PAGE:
In the first working week of the New Year, Housing Secretary Robert Jenrick announced major reforms to the way that houses and flats are owned in England and Wales. The changes could affect more than 4 million leaseholders across England and Wales.

The government has come under increasing pressure in recent years to tackle what has been seen as unfair practices and systems that penalise leasehold homeowners. Historically, many leaseholders have found it difficult to obtain mortgages on their homes when their leases have less than 60 years left to run, and they have had to grapple with an expensive and complicated process in order to buy an extension of just 90 years. In some cases, homeowners have unwittingly bought leases of new houses, with the ground rent payable to their landlord increasing significantly over time, without any appreciable benefit in return.

In July last year, we blogged about the Law Commission’s proposals for the future of residential property in England and Wales. These included a host of recommended changes to the law, intended to reduce the number of new houses sold on a leasehold basis, empower leaseholders to take control of their property, and encourage commonhold as an alternative to leasehold ownership. The government’s latest announcement indicates that it has taken up many of the Law Commission’s core recommendations.

Following the Law Commission’s proposals, the Housing Secretary has announced that leaseholders will be entitled in future to extend their leases by 990 years and reduce any ground rent to zero. The valuation process for calculating the premium payable for a lease extension is to be simplified, and an online calculator will give an indication of the price a leaseholder should expect to pay. We will have to wait and see what effect the new valuation regime will have on the cost of lease extensions, and the impact that this might have on investment in the residential sector.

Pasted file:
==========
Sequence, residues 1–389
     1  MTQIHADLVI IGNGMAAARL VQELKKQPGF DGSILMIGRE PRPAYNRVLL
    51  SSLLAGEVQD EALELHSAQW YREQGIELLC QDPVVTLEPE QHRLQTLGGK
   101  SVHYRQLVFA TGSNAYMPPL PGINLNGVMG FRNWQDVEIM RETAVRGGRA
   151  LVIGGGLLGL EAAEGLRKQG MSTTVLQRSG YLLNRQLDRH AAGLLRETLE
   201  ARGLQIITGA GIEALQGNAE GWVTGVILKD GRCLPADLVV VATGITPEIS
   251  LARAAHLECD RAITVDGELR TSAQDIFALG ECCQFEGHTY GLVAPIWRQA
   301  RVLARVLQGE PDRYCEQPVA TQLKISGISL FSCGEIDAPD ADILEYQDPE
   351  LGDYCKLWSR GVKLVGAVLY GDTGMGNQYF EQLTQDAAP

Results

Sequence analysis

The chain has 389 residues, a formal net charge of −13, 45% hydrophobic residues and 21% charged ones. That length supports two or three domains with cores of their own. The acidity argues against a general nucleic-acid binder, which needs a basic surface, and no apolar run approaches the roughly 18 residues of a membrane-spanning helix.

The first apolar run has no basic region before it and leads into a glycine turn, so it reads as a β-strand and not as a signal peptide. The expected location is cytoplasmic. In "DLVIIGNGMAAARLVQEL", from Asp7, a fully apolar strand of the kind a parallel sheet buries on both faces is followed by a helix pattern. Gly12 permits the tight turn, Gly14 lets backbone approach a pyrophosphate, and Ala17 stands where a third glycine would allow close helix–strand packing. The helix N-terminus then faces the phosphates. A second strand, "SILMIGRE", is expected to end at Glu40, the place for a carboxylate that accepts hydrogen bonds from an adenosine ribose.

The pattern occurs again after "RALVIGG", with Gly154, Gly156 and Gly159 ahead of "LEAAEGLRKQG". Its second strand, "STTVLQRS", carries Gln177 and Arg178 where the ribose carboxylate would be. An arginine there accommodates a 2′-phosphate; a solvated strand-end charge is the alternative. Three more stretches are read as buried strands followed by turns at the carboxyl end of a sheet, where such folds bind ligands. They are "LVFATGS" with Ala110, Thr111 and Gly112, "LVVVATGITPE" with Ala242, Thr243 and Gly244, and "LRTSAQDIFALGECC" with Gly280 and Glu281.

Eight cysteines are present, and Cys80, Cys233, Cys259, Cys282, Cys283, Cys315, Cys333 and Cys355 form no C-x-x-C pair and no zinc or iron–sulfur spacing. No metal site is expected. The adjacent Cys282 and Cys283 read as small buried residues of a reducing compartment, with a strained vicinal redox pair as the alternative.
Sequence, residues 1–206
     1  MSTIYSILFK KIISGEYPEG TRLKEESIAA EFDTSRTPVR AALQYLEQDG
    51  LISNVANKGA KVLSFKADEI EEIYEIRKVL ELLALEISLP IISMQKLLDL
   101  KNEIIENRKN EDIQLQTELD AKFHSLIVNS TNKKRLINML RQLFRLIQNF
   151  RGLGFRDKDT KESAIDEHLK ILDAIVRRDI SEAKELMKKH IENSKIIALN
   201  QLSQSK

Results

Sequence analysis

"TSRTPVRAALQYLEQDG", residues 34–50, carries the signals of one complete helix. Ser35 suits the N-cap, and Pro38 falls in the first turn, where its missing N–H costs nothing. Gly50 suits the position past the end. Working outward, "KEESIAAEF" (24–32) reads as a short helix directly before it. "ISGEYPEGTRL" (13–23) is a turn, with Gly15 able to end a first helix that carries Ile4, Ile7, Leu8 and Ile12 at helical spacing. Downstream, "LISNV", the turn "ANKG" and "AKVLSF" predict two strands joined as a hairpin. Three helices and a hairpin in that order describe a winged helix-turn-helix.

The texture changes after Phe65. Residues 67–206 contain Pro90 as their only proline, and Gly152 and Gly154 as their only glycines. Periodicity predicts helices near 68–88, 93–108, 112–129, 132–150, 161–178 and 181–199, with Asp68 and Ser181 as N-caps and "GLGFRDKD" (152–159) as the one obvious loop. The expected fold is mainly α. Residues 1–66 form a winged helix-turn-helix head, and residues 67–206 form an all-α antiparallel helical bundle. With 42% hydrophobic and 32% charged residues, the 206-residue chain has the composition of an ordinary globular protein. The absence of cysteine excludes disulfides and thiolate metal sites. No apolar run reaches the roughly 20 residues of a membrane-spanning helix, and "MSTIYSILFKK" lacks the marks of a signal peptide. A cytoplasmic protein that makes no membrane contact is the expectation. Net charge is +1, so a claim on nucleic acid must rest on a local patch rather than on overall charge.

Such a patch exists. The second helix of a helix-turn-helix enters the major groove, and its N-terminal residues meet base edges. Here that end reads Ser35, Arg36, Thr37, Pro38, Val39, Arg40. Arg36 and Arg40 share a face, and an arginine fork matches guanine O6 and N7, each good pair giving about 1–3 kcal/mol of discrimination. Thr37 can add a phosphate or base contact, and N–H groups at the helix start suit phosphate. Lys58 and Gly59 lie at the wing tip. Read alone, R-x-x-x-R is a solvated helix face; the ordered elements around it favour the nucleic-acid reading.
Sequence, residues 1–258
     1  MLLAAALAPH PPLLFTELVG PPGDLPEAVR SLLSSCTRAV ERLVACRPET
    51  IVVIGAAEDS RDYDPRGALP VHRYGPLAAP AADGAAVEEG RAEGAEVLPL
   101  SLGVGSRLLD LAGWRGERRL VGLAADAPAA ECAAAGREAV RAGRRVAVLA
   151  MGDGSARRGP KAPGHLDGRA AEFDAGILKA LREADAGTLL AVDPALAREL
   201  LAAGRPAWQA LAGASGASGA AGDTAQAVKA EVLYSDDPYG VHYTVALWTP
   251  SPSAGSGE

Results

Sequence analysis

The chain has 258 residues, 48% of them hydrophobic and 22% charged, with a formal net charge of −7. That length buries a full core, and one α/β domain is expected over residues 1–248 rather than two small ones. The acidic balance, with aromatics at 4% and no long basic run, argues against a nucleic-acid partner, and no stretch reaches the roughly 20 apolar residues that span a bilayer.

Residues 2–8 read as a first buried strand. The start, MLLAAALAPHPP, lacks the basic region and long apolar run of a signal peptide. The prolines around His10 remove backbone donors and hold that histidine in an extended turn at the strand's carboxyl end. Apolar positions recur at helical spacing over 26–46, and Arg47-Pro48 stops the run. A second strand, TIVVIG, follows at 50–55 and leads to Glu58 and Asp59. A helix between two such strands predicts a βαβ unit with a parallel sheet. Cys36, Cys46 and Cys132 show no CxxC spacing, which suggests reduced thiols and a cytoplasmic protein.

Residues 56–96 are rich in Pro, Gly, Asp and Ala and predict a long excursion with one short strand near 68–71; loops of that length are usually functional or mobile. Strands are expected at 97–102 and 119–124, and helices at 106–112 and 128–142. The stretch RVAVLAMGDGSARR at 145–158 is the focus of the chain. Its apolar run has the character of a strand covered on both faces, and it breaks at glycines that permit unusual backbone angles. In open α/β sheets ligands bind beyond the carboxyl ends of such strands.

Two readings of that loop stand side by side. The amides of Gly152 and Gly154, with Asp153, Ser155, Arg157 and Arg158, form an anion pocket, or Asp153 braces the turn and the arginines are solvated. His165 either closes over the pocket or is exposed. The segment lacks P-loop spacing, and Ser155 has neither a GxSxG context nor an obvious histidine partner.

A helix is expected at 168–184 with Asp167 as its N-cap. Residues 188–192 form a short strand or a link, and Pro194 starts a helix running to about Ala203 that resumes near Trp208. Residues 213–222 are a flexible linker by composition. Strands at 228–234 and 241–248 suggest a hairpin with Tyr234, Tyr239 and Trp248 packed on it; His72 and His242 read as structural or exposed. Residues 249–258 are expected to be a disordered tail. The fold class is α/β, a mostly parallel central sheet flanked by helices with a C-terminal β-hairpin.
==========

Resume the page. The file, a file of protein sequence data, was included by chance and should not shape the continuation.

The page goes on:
The government is also taking tentative steps to follow up on the Law Commission’s recommendations for reinvigorating commonhold. Since its introduction in 2004 there has been very little take up (particularly from housebuilders) for the regime, which is intended to put ownership of a block of flats under the control of a commonhold association representing the individual flat owners. A new cross-industry Commonhold Council is intended to promote commonhold development, or conversion of existing flats to a commonhold structure, again with the intention of giving leaseholders greater control of the property they occupy.

Whether this will indeed lead to a cultural change in the way that residential property is developed and managed in England and Wales, only time will tell; but the industry will require buy-in from housebuilders as well as home owners if commonhold is to become a genuine alternative.